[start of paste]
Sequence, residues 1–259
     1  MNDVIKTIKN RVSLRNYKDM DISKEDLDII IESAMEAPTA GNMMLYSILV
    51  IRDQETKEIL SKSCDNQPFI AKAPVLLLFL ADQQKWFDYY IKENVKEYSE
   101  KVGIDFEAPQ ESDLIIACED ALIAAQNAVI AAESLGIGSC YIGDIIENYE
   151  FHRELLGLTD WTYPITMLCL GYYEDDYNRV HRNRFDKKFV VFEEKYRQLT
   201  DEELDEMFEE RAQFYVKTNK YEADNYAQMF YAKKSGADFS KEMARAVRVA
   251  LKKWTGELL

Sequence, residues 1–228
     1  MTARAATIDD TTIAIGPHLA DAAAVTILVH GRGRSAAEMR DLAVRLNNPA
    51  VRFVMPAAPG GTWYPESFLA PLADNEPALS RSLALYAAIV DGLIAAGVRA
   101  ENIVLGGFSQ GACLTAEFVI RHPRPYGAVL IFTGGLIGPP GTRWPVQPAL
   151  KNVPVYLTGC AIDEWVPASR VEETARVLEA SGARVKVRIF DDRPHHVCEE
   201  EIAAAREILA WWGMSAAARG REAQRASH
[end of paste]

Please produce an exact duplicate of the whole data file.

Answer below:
Sequence, residues 1–259
     1  MNDVIKTIKN RVSLRNYKDM DISKEDLDII IESAMEAPTA GNMMLYSILV
    51  IRDQETKEIL SKSCDNQPFI AKAPVLLLFL ADQQKWFDYY IKENVKEYSE
   101  KVGIDFEAPQ ESDLIIACED ALIAAQNAVI AAESLGIGSC YIGDIIENYE
   151  FHRELLGLTD WTYPITMLCL GYYEDDYNRV HRNRFDKKFV VFEEKYRQLT
   201  DEELDEMFEE RAQFYVKTNK YEADNYAQMF YAKKSGADFS KEMARAVRVA
   251  LKKWTGELL

Sequence, residues 1–228
     1  MTARAATIDD TTIAIGPHLA DAAAVTILVH GRGRSAAEMR DLAVRLNNPA
    51  VRFVMPAAPG GTWYPESFLA PLADNEPALS RSLALYAAIV DGLIAAGVRA
   101  ENIVLGGFSQ GACLTAEFVI RHPRPYGAVL IFTGGLIGPP GTRWPVQPAL
   151  KNVPVYLTGC AIDEWVPASR VEETARVLEA SGARVKVRIF DDRPHHVCEE
   201  EIAAAREILA WWGMSAAARG REAQRASH